IBM’s Lou Gerstner proved that elephants can dance. Exxon, under Lee Raymond’s leadership, demonstrated that a phoenix can rise up from the ashes.
Dynamic local businesses including Harley-Davidson Inc., Johnson Controls Inc. and Emteq as well as innovative nonprofits including St. John’s on the Lake and St. Ann Center have consistently outperformed over extended periods of time because they have figured out how to create stability by mastering the change process.
Each has developed the organizational capability to anticipate events, solve problems and implement change faster than the competition. They have formed close bonds with their customers which enables them to recognize opportunities early, sometimes years, before the market catches wind of the trend. These organizations refuse to allow the way they operate today to become a stranglehold on how they will operate tomorrow.
Harley-Davidson (H-D) consistently outperforms the auto industry in profitability and has done so for more than 20 years. Whether intentional or not, H-D created a direct communication link between headquarters and its most enthusiastic customers back in 1983 with the formation of the Harley Owners Group (HOG). Rich Teerlink, former CEO, eliminated the top-down leadership and replaced it with a model of shared leadership, continuous improvement, learning and development, and accountability. He fundamentally believed that “people should have the opportunity to influence their life and workplace.”
Through HOG, Harley team members (including current CEO, Ken Wandell) ride with customers, attend HOG rallies and participate in other company-sponsored events where they talk with customers directly and observe their behaviors. Additionally, they gather input from H-D dealers and supplier networks, and then flow information in real-time to key stakeholders, especially marketing, so reaction time is quick.
By establishing a direct flow of communication from all levels to the strategic leadership team, market opportunities are exploited.
At St. John’s on the Lake retirement community, the Resident’s Council which includes ten different committees made up of residents who have are interested in everything from general “Concerns” to “Food,” “Green” and “Health” provides a steady stream of ongoing and unfiltered messaging between leadership and their residents. Discussion takes place. Decisions are made. Action steps are defined and appropriate personnel are held accountable. This relationship provides leadership with a clear line of sight about how well the organization is living its mission and values and delivering on its promise to provide an exceptional resident experience.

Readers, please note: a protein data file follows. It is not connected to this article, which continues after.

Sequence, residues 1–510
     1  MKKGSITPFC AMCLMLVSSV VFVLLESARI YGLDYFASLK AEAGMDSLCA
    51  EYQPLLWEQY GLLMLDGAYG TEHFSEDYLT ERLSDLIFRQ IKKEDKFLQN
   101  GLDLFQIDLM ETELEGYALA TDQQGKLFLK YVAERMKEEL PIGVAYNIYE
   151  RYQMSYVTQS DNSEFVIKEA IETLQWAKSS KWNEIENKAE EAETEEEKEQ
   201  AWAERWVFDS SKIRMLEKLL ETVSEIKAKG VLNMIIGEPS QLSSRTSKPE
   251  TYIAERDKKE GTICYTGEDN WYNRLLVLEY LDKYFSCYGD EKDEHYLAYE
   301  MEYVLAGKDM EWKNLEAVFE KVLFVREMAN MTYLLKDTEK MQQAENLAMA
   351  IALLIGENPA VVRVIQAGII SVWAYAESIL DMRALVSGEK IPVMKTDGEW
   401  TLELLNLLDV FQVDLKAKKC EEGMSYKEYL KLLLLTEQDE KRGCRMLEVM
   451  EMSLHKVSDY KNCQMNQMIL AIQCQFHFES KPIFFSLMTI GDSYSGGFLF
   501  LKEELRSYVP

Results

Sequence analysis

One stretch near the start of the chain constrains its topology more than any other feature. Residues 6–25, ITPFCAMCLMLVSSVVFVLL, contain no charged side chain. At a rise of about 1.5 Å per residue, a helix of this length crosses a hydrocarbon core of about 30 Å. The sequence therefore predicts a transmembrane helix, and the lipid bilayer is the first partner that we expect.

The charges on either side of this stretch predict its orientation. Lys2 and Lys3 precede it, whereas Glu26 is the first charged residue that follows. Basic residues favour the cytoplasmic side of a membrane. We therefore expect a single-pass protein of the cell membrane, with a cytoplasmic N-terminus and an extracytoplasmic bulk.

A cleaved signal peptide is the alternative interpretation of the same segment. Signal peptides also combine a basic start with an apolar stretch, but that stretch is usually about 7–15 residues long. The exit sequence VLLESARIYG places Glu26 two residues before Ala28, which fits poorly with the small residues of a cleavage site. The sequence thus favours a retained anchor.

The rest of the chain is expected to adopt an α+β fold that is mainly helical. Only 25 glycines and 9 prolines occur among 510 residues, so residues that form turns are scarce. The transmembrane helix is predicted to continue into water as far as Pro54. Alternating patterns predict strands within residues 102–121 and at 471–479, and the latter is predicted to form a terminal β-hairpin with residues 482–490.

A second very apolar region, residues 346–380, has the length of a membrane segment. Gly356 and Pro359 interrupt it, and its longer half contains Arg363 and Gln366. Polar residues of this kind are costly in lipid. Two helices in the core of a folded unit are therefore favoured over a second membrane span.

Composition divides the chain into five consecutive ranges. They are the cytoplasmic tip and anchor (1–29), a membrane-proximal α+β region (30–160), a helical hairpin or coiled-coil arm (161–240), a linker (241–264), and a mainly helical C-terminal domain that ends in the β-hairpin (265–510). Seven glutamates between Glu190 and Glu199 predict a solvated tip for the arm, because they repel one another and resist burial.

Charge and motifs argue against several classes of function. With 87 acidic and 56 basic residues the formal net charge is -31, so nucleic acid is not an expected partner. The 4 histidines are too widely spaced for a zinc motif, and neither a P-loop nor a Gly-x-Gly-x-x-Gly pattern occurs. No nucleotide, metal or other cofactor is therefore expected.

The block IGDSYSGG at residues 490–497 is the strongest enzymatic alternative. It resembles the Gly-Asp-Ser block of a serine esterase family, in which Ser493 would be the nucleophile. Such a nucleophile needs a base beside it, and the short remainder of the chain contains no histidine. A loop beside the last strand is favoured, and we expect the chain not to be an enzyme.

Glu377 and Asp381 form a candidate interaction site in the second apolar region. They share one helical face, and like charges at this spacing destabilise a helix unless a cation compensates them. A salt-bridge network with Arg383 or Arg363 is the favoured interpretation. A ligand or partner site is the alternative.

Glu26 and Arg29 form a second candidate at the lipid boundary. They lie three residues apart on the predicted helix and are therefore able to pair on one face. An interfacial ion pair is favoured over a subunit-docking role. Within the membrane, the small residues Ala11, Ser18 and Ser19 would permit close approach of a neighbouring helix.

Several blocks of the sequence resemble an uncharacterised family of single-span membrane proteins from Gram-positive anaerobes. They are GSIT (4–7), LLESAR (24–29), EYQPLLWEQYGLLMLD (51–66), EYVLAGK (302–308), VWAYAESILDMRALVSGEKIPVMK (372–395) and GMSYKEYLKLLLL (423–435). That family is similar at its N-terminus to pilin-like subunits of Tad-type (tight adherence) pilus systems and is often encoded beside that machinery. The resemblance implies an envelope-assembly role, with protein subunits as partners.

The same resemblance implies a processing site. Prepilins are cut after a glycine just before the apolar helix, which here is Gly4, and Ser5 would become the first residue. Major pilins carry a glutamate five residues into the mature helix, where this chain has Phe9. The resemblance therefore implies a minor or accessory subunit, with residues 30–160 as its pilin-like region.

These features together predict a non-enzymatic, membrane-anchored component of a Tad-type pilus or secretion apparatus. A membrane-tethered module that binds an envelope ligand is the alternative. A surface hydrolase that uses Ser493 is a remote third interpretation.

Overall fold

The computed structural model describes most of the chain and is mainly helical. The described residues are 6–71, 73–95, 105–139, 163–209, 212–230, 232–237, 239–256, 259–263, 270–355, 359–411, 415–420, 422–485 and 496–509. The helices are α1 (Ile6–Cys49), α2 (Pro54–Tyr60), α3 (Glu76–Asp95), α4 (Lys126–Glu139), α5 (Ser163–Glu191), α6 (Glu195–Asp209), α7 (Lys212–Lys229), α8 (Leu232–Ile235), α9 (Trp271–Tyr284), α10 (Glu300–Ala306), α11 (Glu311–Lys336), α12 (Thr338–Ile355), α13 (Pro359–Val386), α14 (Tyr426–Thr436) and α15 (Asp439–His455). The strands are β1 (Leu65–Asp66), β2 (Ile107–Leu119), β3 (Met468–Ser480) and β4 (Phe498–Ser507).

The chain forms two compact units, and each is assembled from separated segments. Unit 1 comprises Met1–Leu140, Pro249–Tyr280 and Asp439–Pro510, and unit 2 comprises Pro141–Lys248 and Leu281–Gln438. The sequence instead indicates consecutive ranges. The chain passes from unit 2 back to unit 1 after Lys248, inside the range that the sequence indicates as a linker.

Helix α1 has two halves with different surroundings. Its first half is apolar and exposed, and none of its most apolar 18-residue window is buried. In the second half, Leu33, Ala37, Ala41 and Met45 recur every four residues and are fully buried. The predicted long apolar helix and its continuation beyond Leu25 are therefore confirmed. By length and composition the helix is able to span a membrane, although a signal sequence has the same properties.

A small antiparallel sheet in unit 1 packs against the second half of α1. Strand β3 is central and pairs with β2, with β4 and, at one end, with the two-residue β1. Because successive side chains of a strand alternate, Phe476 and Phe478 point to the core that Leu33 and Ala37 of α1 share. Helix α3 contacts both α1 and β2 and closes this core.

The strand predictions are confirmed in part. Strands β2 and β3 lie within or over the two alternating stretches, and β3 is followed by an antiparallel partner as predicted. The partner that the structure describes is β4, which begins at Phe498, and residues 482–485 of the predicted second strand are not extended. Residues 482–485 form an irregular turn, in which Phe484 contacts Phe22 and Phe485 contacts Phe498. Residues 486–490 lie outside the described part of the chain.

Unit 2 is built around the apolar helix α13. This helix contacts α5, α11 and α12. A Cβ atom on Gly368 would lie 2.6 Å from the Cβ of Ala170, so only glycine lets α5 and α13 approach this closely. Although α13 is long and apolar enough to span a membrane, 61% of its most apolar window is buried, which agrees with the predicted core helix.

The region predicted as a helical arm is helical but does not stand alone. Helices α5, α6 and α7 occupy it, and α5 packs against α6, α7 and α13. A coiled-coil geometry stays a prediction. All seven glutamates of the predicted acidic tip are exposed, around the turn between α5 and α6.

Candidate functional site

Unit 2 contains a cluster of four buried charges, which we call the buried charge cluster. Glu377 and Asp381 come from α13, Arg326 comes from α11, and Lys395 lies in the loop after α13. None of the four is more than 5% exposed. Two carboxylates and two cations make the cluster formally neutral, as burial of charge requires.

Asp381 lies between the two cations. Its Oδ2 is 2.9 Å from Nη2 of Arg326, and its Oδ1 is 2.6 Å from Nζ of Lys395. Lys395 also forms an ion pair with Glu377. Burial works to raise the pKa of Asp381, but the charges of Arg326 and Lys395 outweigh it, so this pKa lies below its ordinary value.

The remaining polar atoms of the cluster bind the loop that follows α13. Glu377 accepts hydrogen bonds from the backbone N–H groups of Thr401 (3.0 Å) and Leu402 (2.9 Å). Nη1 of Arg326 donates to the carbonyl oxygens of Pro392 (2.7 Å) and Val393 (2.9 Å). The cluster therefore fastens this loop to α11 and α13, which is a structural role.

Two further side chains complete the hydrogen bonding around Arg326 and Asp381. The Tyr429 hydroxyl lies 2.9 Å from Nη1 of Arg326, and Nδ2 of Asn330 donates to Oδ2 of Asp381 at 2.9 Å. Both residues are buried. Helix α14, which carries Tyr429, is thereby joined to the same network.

Market leaders are driven by a different standard of excellence than the norm – they continually strive to deliver unique and measurable value to their customers.
At St. Ann’s Center for Intergenerational Care, Sister Edna Lonergan identified the need in the early 1980s for an intergenerational community-based center that supports family well-being. Today, St. Ann’s Center provides loving support for family members with dementia, Alzheimer’s, or individuals in need of adult care, child-care, grooming, message therapy, counseling or respite care, regardless of their economic means. Her goal “to lift the human spirit” through intergenerational care, has earned St. Ann’s Center numerous local and national awards. Their approach to serve the whole person – mind, body and spirit – and enhance the quality of life for both caregivers and family members has created a unique and valued resource for the Milwaukee community.
What these organizations share in common is a relentless commitment to adapt and optimize market opportunities. They each have developed their own systematic approach to change that allows them to shift gears swiftly and deliberately. They refuse to allow circumstance to dictate their future. Rather, they have figured out how to be the master of it.
Christine McMahon is a business strategist. She can be reached at (414) 290-3344 or by email at: firstname.lastname@example.org.